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fadded flags

This is probably the most common mistake I see in communication today, although it’s honestly reviewing the basics and to even be overviewing it seems like marketing 1.0.  I wonder, with the proliferation of communication tools, whether we forget to focus on benefits, or whether we are no longer training the difference between them?

Why is a benefit so important?

A single minded benefit, well-chosen and based on strong relevant consumer insight will give you the greatest chance to persuade your consumer to buy your product.  Psychologically speaking we seek to relate products to our needs and values before consideration.  We call this relevancy and consideration.

The benefit tells them what is in your proposition for them.  What it means to their lives.  It is this difference that differentiates a feature from a benefit, which might imply it, or give a reason the benefit may be true, but doesn’t not explicitly outline it.  In this sense, the benefit is normally couched in terms of the consumer’s need vs the product.

Here are 3 examples which may help draw this out:

This should be a basic of marketing knowledge, but surprisingly senior marketers and local marketers and sales teams constantly get these two mixed up.  I have seen this more in the B2B sector, but also in consumer marketing.  The result tends to be confused communication, with lists of ‘benefits’ (actually features) and communication that doesn’t really speak to the targeted consumer, or is just a massive product claim with a big fat photo of the product itself.  The communication falls flat on its head – maybe it does a great job of showing the product actions, but unless consumers take the jump to benefit themselves, the sales potential will not be realised.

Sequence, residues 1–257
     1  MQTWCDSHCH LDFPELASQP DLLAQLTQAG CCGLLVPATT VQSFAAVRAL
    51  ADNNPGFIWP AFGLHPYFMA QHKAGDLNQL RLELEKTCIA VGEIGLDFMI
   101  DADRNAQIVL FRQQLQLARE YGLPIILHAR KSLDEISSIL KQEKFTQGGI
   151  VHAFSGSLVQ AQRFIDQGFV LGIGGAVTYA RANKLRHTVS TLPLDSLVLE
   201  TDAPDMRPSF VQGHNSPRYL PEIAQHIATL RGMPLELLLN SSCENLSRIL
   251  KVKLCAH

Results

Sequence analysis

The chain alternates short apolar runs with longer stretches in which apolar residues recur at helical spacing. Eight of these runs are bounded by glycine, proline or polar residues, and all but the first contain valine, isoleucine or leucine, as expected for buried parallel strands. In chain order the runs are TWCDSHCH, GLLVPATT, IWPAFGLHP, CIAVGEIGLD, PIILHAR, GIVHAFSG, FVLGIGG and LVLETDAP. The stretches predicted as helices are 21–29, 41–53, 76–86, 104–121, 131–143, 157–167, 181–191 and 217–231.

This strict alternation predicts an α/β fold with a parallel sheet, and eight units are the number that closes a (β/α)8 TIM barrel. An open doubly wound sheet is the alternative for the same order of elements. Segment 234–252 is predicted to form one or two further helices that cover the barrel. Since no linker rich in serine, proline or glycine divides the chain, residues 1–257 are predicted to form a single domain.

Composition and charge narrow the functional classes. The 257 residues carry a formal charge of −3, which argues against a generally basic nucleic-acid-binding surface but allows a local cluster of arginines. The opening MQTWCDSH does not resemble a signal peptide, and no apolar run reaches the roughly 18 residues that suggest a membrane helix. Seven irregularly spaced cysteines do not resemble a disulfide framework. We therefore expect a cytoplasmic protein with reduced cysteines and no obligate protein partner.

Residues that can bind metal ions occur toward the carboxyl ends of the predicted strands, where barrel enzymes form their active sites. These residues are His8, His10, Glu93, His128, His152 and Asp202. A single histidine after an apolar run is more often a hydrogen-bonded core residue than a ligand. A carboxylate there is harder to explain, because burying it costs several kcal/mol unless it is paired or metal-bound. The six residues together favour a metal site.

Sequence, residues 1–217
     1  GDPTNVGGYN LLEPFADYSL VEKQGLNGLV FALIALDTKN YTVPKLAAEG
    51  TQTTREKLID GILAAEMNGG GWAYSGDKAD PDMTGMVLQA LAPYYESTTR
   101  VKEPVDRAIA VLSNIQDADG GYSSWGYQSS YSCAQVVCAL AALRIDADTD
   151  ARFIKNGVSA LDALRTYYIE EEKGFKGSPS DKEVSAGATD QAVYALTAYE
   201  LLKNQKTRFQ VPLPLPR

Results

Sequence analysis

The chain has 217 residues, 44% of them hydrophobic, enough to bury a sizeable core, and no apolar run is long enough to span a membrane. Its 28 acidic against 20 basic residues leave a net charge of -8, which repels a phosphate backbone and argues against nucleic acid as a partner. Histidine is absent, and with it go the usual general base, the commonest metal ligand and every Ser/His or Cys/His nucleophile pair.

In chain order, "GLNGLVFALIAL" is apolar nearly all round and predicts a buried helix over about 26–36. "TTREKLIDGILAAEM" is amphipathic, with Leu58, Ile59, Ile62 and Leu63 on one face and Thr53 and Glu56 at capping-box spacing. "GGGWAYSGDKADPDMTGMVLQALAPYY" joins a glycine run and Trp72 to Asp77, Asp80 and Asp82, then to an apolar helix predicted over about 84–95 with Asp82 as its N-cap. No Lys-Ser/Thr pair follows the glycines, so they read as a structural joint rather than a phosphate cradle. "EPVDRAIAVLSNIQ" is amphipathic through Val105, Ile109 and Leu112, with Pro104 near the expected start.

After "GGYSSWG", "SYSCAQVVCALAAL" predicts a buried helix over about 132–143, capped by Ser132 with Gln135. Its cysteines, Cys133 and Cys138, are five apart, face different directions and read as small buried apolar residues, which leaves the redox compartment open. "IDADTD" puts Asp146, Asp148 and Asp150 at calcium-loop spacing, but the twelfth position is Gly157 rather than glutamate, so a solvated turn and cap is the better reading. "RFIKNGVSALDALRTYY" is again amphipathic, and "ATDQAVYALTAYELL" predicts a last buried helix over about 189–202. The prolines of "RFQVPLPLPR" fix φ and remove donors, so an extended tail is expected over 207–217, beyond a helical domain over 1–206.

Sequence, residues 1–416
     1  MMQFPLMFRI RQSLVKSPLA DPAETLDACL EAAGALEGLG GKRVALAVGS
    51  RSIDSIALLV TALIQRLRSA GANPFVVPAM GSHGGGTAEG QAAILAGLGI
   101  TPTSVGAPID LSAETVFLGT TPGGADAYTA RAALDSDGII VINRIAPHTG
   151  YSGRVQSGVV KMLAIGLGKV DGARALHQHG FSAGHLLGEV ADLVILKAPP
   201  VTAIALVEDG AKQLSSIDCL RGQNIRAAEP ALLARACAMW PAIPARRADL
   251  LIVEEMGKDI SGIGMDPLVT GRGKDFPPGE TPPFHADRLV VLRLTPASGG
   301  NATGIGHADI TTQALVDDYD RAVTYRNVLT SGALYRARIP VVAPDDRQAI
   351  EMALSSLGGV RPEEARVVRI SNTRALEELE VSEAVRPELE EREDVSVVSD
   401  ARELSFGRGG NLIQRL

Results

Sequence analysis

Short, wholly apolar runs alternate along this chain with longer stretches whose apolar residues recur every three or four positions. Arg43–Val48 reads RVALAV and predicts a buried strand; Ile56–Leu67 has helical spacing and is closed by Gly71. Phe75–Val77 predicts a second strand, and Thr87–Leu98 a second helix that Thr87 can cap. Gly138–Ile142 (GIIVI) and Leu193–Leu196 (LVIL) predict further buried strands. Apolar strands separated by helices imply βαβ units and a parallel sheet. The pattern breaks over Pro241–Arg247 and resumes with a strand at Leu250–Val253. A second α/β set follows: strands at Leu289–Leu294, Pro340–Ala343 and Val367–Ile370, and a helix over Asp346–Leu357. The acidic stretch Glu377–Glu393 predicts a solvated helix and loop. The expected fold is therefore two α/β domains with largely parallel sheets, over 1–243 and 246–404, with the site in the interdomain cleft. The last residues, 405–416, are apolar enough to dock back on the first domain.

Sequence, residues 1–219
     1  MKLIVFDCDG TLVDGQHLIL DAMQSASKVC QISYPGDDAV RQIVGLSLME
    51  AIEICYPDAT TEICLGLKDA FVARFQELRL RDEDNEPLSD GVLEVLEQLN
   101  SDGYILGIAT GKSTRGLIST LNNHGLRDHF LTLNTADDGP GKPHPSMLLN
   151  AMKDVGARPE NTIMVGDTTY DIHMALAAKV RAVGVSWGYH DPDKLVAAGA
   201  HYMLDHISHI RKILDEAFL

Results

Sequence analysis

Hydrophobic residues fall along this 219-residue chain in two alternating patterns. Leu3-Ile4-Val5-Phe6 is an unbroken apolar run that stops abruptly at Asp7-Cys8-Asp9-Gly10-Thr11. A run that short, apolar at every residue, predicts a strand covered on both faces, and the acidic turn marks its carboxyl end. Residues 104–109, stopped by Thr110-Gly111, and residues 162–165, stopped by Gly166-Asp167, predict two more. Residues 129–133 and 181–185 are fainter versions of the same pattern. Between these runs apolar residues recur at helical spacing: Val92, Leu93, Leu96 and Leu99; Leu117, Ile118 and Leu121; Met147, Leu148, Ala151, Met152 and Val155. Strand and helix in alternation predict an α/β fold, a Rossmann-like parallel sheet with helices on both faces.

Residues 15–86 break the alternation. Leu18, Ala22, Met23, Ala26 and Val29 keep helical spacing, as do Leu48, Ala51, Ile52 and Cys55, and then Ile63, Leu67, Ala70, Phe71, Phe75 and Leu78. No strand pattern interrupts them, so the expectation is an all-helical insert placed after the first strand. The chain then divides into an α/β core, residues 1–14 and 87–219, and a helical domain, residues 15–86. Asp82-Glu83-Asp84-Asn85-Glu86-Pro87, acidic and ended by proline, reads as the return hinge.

If you’re still unsure, there is a great article by Laura Clampitt Douglas which really helps to pull apart these differences – read it here.

It’s also lazy advertising.  It’s easy to show a product action, but harder to show the effect on the user (e.g. not a faster action cleaning, but ‘more time’ for the cleaner).  The drama, the emotional or mind-opening connection which motivates the consumer to action/purchase comes with this final creative transformation of a benefit relevant to them.

If you are not clear and simple on your benefit in your brief, your creatives will either give you bad creative, make up their own benefit and create against that, or throw in the kitchen sink (result, bad creative).

First published here by @toniaOC

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